For 27 years Sir Paul Terrence Callaghan was at the forefront of the work that built Massey University's international reputation in fundamental sciences.
Sir Paul, GNZM, FRS, FRSNZ, who epitomised the best qualities of New Zealand's science community and its contribution to international understanding, died yesterday in Wellington, aged 64.
Massey Chancellor Dr Russ Ballard, Vice-Chancellor Steve Maharey and College of Sciences Pro Vice-Chancellor Professor Robert Anderson have paid tribute to the eminent physicist.
Mr Maharey said Sir Paul's death was a tremendous loss to New Zealand and to international science. "He was passionate New Zealander who cared deeply about the betterment of our society and continued to work towards that throughout his life. He showed great courage when he was diagnosed with cancer and sought to increase New Zealanders' understanding of the disease by talking publicly about it."
Professor Anderson said Sir Paul was "blessed with an unbelievable intellect. Moreover, he was gifted communicator. His tenure at Massey University did much to build the international reputation of its fundamental sciences. He was at the forefront of some of the finest and most influential scientific research and teaching in his generation and was an inspiration to all who came in contact with him."
For the past decade, while based at Victoria University at Wellington, he retained a strong association with Massey as Sir Neil Waters Distinguished Professor. The University is a partner in the MacDiarmid Institute for Advanced Materials and Nanotechnology, led by Victoria, of which Sir Paul was the founding director in 2002. Massey is a shareholder in the start-up company Magritek, of which Sir Paul was also a founding director. He also had on-going collaborations with the Allan Wilson Centre for Molecular Ecology and Evolution based at Massey.
The University awarded him an honorary Doctorate of Science in 2010, which he described as a wonderful honour. "I really regard myself as part of the Massey family," he said at the time. "The honorary doctorate is rather special as it recognises the connections people make between the university and the wider society." By then he was receiving treatment for colon cancer and frankly acknowledged his prognosis was poor. Staff and students who attended the graduation ceremony at Wellington recall his acceptance address as exceptionally moving and also because his advocacy of innovation as a launching pad for success and challenge to young people to be passionate about life and doing what they loved.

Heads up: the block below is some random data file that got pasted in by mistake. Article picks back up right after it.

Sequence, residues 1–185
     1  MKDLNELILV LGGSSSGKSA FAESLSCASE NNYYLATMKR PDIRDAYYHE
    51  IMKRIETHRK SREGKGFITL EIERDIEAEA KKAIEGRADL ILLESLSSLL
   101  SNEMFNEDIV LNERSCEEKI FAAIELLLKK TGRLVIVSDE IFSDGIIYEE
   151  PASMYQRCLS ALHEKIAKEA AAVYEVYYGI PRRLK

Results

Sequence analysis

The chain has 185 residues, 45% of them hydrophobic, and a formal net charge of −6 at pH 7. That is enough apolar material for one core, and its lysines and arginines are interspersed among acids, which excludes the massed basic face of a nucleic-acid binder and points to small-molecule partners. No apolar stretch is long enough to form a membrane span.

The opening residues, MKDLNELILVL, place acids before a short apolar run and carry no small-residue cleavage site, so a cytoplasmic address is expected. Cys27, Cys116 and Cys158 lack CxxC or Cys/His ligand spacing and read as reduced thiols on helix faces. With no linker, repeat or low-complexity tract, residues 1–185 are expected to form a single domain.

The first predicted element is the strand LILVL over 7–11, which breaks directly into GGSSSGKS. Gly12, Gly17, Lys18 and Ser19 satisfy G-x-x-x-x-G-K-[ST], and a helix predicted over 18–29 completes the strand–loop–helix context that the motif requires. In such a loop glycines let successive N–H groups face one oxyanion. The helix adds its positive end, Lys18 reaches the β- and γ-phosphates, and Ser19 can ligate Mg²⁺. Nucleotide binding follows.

Dr Ballard, who as Chancellor conferred the honorary doctorate, said Sir Paul "was such a fantastic communicator he was almost single-handedly responsible for increasing New Zealanders' understanding of the value of science. He could sell it, he got people excited about it," Dr Ballard said. "He championed science in the public arena and championed business developments based on science."
Sir Paul, raised in Whanganui, joined Massey as a lecturer in 1974, with a degree in physics from Victoria University and a Doctorate in Philosophy (for his work in low temperature physics) from Oxford University.
He began researching the applications of magnetic resonance to the study of soft matter and was made Professor of Physics in 1984. He published the book Principles of Nuclear Magnetic Resonance Microscopy in 1994.
In 2001 he was appointed the Alan MacDiarmid Professor of Physical Sciences at Victoria. The same year he became the 36th New Zealander to be made a Fellow of the Royal Society of London.
He was awarded the Royal Society of New Zealand Hector Medal in 1998, the Ampere Prize in 2004, the Rutherford Medal in 2005, was appointed a Principal Companion of the New Zealand Order of Merit in 2006 and, with the restoration of traditional honours, was formally knighted in 2009.
In 2010 he was awarded the Günther Laukien Prize for Magnetic Resonance and shared the New Zealand Prime Minister's Science Prize. Last year he was named New Zealander of the Year and elected an Honorary Fellow of Corpus Christi College, Cambridge.
A regular public speaker on science matters, one of his radio series appeared in book form in 2007, entitled As Far as We Know: Conversations about Science, Life and the Universe. A 2009 book, Wool to Weta: Transforming New Zealand's Culture and Economy, deals with the potential for science and technology entrepreneurialism to diversify New Zealand's economy. He also presented a concurrent documentary called Beyond the Farm and the Themepark.
Following his death, tributes came from many New Zealanders, including scientists and politicians. Victoria University Vice-Chancellor Professor Pat Walsh said the university was deeply saddened by his death. "He was a leading light in the field of nuclear magnetic resonance, and in addition made a significant contribution to communicating science beyond the scientific community and to debate about New Zealand's future prosperity."
At Massey's Defining Excellence awards in Wellington last Wednesday, at which the University celebrated the achievements of some of its most successful alumni along with its top teachers and researchers, Sir Paul was in the minds of many. Physics Professor Tony Signal, recipient of the award for teaching first-year students, described him as a fantastic mentor and said Massey staff took pride in his many achievements and honours.
“I’ve tried to be a science communicator and try and show not just that science is interesting and relevant part of our lives but it can actually make a tremendous difference to the potential of this country," Sir Paul said in 2010. “Massey is a place where the overlaps between disciplines are encouraged and seen as opportunities for new developments.”
Sir Paul's funeral will be held in the Wesley Church, 75 Taranaki St, Wellington, on Wednesday, March 28 at 1pm. It is being streamed online from 12.30pm at http://www.r2.co.nz/20120328/